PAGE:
Investors Slowing Down, But Still Following the Multifamily Road

CRE Finance World, Summer 2012

Investors Slowing Down, But Still Following the Multifamily Road Terri Rubin Research Analyst Berkadia Commercial Mortgage W saving their funds for future opportunities. The truth, ket “tightness” is reflected in the 5.1% vacancy rate that we had -despite the fact that an additional 13,000 units had been addedto the national multifamily stock during that same time period. Netabsorption is expected to exceed the 75,000 plus units that will beadded to multifamily stock this year by more than 70%. This marith multifamily sales volume slowing in 1Q12, somemarket players believe that investor interest in thesector is waning. The feeling is that investors areputting the brakes on multifamily acquisitions and of course, is a bit more complex. this past quarter. This is the lowest the vacancy rate has been in 10 years and it’s expected to remain at that level for several more Yes, the pace of property sales dropped. Sales for 1Q12 totaled years down the road. $10.9 billion — up 36% year-over-year from 1Q11, but notably lower than the $18 billion in sales for the previous quarter. Last Economic factors — specifically those leading to the decline of year, investors were quick to snap up properties in primary markets single-family home purchases — are playing a key role in driving so across the country where they saw growth opportunities. As a much of the U.S. population toward multifamily housing. Between result, multifamily volume totaled $56 billion for the year. the inability to gain the credit necessary to buy a home and linger- ing concerns about the health of the economy, many are turning Does the first quarter decline in sales indicate that investors have away from single-family homes. For example, many members of had their fill of multifamily properties? Probably not. Demand for Generation Y (which make up nearly half of the rental market) are multifamily properties is still strong, although investors may simply being affected by significant debt and credit challenges as they be taking longer to find and select investments. Following the consider their housing options. lessons learned during the last real estate cycle, investors have be- come savvier about the properties that they select to purchase — Recent graduates are entering the market saddled with mounting carefully inspecting all the characteristics of a property’s location, student loan debts, which average $25,000 per graduate as of the the submarkets involved, etc. spring 2010 semester. With today’s stringent credit requirements — which often require a 20% down payment — many of these Activity in recent years has been focused on core markets, but indebted graduates will remain unable to purchase a home for fewer properties in primary markets and “A” locations are being quite some time. The average “renter lifespan” of today’s tenant will offered for sale today. Some owners are hesitant to sell out of likely be extended out by three to five years more. Along with these concern that they will not find another suitable property to reinvest credit and debt issues, the perceived instability of housing prices is in and will suffer tax consequences as a result. In other instances, another factor that is contributing to keeping renters in apartments it’s simply because the potential supply has been decreasing. With longer than we have seen in the past. While single-family home fewer multifamily foreclosures and more loan workouts taking prices are expected to bottom out and stabilize by year end, this place, the supply of distressed properties has been dwindling in will likely not be enough to lure many into a home investment. recent months. That forces investors to sift through the available stock to find assets that meet their target goals. Together, all of these issues have led to a significant drop in homeownership levels across the nation. The homeownership Multifamily is Here to Stay rate in the first quarter of 2012 dropped to 65.4% — the lowest Investors know that the market fundamentals will continue to be it’s been in 15 years. That rate isn’t expected to go up any time strong over the next several years and this ensures that they will soon, either. Economists at Reis, Inc. are forecasting homeowner- remain interested in multifamily properties. In fact, the multifamily ship rates will settle at 60% by around 2014 or 2015. In addition trends we have seen to-date show the fundamentals in this market to tighter credit standards, part of the reason for this sustained are the best they have been in 10 or more years. For example, homeownership drop may be that many families are still facing while the first quarter is traditionally one of the slowest seasons sizeable income shortfalls. Greg Willett of MPF Research notes for move-ins, this year move-ins notably outpaced move-outs, that for many families, renting is the only option that allows for resulting in positive net absorption of nearly 40,000 units. This is significant tightening in their budgets. A publication of Summer issue 2012 sponsored by CRE Finance World Summer 2012 41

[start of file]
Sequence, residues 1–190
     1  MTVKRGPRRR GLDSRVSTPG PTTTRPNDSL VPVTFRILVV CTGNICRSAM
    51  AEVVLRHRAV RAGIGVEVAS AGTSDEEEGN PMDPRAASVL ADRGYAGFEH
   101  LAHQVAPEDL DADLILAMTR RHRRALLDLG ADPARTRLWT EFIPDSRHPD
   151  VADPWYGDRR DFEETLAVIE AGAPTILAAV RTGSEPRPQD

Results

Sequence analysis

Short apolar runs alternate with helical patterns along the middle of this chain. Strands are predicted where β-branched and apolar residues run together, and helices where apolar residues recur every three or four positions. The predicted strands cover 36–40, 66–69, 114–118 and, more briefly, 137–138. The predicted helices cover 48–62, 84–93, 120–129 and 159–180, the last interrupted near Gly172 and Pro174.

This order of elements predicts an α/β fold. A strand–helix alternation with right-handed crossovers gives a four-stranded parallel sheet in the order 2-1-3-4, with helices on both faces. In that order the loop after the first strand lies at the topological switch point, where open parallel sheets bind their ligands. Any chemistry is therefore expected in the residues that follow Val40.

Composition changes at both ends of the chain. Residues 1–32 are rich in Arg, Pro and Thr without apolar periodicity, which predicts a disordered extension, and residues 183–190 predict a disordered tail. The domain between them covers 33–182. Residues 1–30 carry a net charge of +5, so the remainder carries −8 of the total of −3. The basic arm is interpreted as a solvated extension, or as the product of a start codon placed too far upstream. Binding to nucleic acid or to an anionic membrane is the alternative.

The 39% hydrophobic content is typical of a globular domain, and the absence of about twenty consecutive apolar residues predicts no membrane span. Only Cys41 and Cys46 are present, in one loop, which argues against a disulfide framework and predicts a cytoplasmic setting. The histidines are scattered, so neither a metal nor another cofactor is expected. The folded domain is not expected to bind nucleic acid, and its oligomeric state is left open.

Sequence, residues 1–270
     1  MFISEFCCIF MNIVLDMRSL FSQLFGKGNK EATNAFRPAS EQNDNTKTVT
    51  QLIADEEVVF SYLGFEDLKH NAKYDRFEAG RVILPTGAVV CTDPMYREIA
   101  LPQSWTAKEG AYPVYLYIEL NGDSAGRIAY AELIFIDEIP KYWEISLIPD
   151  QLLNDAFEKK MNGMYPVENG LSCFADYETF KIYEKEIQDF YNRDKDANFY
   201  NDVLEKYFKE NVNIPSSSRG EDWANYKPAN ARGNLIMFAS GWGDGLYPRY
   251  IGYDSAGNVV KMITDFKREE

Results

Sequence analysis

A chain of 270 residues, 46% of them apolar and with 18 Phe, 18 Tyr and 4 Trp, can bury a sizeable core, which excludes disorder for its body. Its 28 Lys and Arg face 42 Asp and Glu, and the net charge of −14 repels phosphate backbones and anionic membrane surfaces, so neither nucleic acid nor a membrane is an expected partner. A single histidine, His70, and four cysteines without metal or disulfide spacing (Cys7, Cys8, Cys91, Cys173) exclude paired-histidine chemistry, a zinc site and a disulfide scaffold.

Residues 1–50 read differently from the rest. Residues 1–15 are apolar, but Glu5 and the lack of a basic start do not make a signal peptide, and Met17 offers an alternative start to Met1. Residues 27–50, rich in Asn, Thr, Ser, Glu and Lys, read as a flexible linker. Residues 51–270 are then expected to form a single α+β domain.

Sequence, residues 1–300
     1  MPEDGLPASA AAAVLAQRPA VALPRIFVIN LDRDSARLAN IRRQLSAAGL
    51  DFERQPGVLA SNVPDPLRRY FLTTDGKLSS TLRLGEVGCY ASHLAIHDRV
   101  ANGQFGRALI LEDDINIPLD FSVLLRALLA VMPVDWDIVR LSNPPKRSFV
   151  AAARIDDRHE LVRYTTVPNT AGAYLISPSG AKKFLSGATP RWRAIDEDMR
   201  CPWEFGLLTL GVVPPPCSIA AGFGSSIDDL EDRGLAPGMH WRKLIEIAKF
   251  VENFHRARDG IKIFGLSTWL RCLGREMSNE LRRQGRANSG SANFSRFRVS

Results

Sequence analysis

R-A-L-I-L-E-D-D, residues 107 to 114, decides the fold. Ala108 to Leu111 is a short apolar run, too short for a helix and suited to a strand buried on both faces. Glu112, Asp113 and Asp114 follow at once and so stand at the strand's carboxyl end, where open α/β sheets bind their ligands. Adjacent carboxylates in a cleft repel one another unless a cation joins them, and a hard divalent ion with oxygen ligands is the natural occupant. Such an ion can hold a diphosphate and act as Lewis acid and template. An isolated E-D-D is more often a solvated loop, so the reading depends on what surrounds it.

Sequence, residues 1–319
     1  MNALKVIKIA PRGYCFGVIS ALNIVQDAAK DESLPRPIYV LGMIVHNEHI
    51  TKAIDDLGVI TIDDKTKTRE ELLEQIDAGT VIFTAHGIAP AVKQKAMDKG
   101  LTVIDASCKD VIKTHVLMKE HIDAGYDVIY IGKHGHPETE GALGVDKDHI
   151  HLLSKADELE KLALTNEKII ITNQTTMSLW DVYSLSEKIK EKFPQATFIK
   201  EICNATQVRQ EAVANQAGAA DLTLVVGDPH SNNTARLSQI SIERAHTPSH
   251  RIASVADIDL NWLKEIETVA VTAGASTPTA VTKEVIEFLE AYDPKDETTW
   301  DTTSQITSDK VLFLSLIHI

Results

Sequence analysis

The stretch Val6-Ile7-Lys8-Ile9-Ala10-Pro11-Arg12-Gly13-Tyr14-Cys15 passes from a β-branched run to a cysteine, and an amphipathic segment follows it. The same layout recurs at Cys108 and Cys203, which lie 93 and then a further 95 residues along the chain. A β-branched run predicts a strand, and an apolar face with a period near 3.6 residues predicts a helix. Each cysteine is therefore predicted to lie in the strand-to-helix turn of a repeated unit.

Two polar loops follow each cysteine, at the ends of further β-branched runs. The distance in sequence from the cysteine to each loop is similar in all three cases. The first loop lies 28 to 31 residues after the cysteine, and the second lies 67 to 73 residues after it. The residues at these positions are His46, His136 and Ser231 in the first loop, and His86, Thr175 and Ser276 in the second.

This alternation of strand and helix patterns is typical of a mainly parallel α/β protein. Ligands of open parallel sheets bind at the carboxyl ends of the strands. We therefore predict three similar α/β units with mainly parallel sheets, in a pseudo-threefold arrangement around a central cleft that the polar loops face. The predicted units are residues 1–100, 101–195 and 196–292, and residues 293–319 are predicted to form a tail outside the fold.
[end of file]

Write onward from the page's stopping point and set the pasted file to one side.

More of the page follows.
CRE Finance World, Summer 2012
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